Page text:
Campus conference to inaugurate new ‘Helene Moglen Lecture in Feminism and Humanities’

Helene Moglen ucsc conference poster
Helene Moglen
Helene Moglen

UC Santa Cruz will present Writing for Living, a conference in honor of emeritus dean of humanities and literature professor Helene Moglen (1936-2018), on March 13-14 at the Humanities Division.

The conference inaugurates the first biennial Helene Moglen Lecture in Feminism and the Humanities, which will be delivered by Myra Jehlen, Board of Governors emerita professor of English at Rutgers University, on the topic of “Unreadable Writing.”

Beginning on Friday evening, with a reading by acclaimed poet and former student Brenda Shaughnessy, the day-and-a-half event invites colleagues and former students to speak about their current work on themes related to--or inspired by--Moglen’s work.

The conference is designed to be a celebration of Moglen’s contributions to feminist and psychoanalytic theory in literature, feminist institution building, the mentoring of graduate and undergraduate students, and the teaching of writing, both in and outside of the university.

The Saturday sessions will include one dedicated to thinking about trauma, writing, psychoanalysis and teaching, and another on Asian-American and women-of-color literatures and visual production, feminist theory, and critical race studies.

Additional keynote speakers at the conference will include Leslie Bow on “Writing in Absence”, and Susan Derwin about “Writing with Veterans.”

A professor of English and Asian American studies at the University of Wisconsin, Madison, and Moglen’s former graduate student, Bow will speak on race fetishism and psychoanalysis. She will draw her talk from her current work on "Racist Love: Asian Americans and the Fantasy of Race."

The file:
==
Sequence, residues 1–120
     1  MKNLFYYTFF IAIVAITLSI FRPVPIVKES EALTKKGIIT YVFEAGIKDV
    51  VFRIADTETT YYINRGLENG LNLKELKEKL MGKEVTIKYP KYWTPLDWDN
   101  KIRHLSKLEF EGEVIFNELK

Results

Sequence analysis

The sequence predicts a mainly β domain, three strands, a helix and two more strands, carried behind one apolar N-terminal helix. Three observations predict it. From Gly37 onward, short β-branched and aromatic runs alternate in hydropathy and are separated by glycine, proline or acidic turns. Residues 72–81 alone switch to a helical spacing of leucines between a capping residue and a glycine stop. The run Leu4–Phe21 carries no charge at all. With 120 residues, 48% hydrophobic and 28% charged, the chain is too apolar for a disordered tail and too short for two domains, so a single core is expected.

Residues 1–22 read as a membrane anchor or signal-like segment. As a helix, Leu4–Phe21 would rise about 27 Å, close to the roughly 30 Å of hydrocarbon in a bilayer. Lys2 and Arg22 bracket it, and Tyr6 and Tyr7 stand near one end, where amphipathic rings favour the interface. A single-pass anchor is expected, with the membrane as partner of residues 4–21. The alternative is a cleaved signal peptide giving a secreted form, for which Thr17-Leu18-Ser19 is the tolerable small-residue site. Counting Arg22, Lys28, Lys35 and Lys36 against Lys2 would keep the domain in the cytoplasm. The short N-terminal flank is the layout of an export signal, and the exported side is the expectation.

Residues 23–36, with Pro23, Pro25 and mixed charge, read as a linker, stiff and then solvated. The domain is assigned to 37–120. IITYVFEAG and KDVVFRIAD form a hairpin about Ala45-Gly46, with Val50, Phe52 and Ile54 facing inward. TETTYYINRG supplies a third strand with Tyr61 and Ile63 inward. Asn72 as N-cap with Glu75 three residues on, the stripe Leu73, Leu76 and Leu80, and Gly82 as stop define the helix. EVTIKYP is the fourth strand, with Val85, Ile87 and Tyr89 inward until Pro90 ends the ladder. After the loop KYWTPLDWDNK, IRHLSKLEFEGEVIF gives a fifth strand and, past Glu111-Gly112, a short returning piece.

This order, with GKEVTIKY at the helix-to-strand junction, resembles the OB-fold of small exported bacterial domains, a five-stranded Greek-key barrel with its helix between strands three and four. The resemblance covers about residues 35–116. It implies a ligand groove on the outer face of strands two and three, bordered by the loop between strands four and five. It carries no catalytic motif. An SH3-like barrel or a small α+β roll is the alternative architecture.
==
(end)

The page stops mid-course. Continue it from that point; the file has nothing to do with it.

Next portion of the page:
Derwin, director of the Interdisciplinary Humanities Center and professor of German, Slavic, and Semitic Studies at UC Santa Barbara, will speak about the essence of Moglen's relationship to writing as a practice that makes living possible. She is founding director of the University of California Veterans Summer Writing Workshop and of Foundations in the Humanities, a correspondence program for incarcerated individuals operating in multiple California prisons

Shaughnessy will read from her poetry at both the opening and closing of the conference. Now an assistant professor of English at Rutgers University, she was a double major in literature and women’s studies at UCSC, as well as Moglen’s undergraduate student in the early 1990s. A finalist for the prestigious international Griffin Poetry Prize and recipient of a Guggenheim award, her latest book is The Octopus Museum.

Moglen first came to UCSC in 1978 as a professor of literature and dean of the humanities--she was the first woman dean in the University of California system. She also served as provost of Kresge College until 1983, transforming and revitalizing that college into a vibrant intellectual community.

Moglen helped to shape the modern UCSC campus by establishing an independent School of Arts, integrating writing into the foundation curriculum, and establishing and chairing the Committee on Sexual Harassment. She served as chair of the Women's Studies program from 1984-1989, in addition to founding the Focused Research Activity (FRA) in Women’s/Feminist Studies.

Appointed to the prestigious Presidential Chair in Literature in 2003, she used that funding to establish the Institute of Advanced Feminist Research and support its program of research. A cross-disciplinary, collaborative bridge between the university and the wider community, it sponsored reading groups, conferences, publication projects, and graduate student research.

Moglen retired in 2008, but remained engaged by still teaching until 2013 and mentoring graduate students and junior faculty.


With support from Sheila Namir and Eben Moglen, UC Santa Cruz has established an endowment for The Helene Moglen Lecture in Feminism and Humanities to honor her legacy. For more information about the conference and the endowment, visit the Center for Cultural Studies web site. Admission to the conference is free and open to the public.